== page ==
Conditions of Confinement
In the U.S. tens of thousands of youth are currently locked up in secure facilities. Too often, these youth are held in facilities where they are subject to physical and emotional abuse that threatens not only their immediate safety, but their long-term well-being. Standard 2.8 Obligation to Investigate and Address Custodial Mistreatment of the National Juvenile Defense Standards provides “[i]f counsel learns that the client has experiences abuse or misconduct by law enforcement, detention officials, or other persons in a custodial facility, with the client’s consent, counsel should document the extent of client’s injuries and take appropriate steps to stop the mistreatment….” As such, it is especially important that juvenile defenders maintain contact with their clients being held in secure custody in order to continue to advocate on their behalf and address any harmful conditions of confinement that may arise.
Highlighted below are common conditions of concern, as well as mechanisms and resources through which defenders and advocates may address such conditions.
Enacted in 2003, the Prison Rape Elimination Act (PREA) is the first federal civil statute focused specifically on addressing sexual violence in juvenile facilities, jails, prisons, lockups, and other facilities. PREA provided for data collection, technical assistance, early funding to assist states, and periodic reviews of facilities with high and low rates of victimization. Additionally, the Act required the U.S. Department of Justice (DOJ) to issue standards outlining the steps that facilities must take to address sexual misconduct prevention, detection, and response. On June 20th, 2012, the DOJ officially published the final standards for four types of facilities: juvenile facilities, adult prisons and jails, lockups, and community confinement facilities.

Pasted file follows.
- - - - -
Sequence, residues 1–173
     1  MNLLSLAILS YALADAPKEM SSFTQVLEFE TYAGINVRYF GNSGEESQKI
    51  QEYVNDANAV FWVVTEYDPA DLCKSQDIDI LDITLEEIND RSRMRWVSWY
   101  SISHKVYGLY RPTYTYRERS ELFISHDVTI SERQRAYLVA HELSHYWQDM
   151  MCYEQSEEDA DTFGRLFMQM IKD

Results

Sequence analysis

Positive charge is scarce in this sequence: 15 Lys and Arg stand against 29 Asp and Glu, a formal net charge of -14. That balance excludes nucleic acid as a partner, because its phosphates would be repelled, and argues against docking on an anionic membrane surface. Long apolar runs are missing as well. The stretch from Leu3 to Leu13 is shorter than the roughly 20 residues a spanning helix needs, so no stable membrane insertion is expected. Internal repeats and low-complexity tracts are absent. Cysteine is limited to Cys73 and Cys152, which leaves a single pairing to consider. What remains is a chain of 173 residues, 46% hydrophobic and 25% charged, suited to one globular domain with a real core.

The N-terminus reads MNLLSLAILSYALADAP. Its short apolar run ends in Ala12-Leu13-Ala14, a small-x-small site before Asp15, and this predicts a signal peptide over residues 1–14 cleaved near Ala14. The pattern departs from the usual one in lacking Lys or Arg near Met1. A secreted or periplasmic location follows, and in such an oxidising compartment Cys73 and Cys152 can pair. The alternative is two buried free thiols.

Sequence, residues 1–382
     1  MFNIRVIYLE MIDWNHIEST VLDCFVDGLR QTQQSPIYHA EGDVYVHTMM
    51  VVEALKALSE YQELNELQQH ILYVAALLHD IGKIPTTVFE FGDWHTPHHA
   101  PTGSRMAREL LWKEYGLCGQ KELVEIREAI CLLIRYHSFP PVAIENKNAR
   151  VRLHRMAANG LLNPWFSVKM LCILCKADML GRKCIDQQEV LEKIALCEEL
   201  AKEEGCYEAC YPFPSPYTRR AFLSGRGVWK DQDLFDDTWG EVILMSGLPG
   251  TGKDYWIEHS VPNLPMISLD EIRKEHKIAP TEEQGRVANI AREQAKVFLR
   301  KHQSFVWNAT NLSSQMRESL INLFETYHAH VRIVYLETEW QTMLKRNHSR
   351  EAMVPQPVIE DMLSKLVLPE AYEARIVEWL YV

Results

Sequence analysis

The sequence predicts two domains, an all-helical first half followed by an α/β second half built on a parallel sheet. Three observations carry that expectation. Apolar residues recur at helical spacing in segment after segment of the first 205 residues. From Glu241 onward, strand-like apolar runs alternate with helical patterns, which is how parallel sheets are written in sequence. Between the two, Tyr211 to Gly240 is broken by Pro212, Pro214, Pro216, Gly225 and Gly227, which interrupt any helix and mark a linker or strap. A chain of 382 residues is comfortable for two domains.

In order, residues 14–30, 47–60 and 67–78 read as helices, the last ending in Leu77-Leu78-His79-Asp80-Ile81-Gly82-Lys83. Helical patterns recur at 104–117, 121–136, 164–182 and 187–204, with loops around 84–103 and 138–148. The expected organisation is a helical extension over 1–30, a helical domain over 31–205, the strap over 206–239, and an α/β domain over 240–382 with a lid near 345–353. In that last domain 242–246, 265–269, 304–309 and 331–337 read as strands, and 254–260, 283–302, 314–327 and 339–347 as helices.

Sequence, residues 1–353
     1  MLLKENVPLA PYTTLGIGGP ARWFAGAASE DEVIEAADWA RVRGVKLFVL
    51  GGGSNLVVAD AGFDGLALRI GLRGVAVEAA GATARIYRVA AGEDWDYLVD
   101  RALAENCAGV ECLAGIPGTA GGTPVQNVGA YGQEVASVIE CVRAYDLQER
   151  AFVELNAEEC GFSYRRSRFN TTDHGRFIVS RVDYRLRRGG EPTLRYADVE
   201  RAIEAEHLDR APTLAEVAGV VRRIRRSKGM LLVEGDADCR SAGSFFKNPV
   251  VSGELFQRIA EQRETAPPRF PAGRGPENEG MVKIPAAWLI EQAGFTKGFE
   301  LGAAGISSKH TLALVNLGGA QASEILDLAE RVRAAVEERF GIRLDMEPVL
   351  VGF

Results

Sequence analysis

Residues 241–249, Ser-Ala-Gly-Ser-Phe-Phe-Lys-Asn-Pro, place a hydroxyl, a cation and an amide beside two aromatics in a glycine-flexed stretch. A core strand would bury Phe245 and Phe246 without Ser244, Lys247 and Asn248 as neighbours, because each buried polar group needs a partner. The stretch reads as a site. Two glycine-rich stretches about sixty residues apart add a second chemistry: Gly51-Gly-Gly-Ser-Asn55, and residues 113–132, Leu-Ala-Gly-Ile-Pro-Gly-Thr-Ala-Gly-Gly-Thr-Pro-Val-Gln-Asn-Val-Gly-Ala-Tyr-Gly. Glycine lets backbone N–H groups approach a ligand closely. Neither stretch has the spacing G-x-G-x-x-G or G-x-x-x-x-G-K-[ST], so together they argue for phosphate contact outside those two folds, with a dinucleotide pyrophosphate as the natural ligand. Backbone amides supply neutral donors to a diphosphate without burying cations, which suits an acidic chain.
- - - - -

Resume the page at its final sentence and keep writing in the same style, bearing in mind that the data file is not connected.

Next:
Related to PREA, the Office of Justice Program’s Bureau of Justice Statistics (BJS) published a report, in January 2009, based on the National Survey of Youth in Custody, entitled Sexual Victimization in Juvenile Facilities Reported by Youth, 2008-2009. The study indicated that more than one in ten youth in state juvenile facilities and large local facilities reported experiencing at least one incident of sexual victimization by staff or youth in the previous 12 months.
In the past few years, the U.S. has witnessed an explosion in the use of solitary confinement—also known as segregation or isolation. According to a report by the ACLU and Human Rights Watch called “Growing Up Locked Down,” the practice of isolation can be especially harmful to adolescents, as young people are psychologically unable to handle solitary confinement with the resilience of an adult. And, because they are still developing, traumatic experiences like solitary confinement may have a profound effect on their chance to rehabilitate and grow. Solitary confinement can exacerbate, or make more likely, short and long-term mental health problems. The most common deprivation that accompanies solitary confinement, denial of physical exercise, is physically harmful to adolescents’s health and well-being.
The United States Department of Justice, Civil Rights Division, Special Litigation Section investigates conditions of confinement in juvenile facilities nationwide. Their website contains a list of complaints, briefs, settlements, court decisions, and other resources from those efforts. U.S. Attorney General Eric Holder has also released a strong statement calling on states to change their isolation practices, because of the harm it can cause to youth.
In May 2010, the Office of Juvenile Justice and Delinquency Prevention released a bulletin on conditions of confinement for youth in residential programs entitled Conditions of Confinement: Findings from the Survey of Youth in Residential Placement. The report, which is based on the Survey of Youth in Residential Placement, includes statistics on grievance procedures, disciplinary practices, use of restraints, and other topics.
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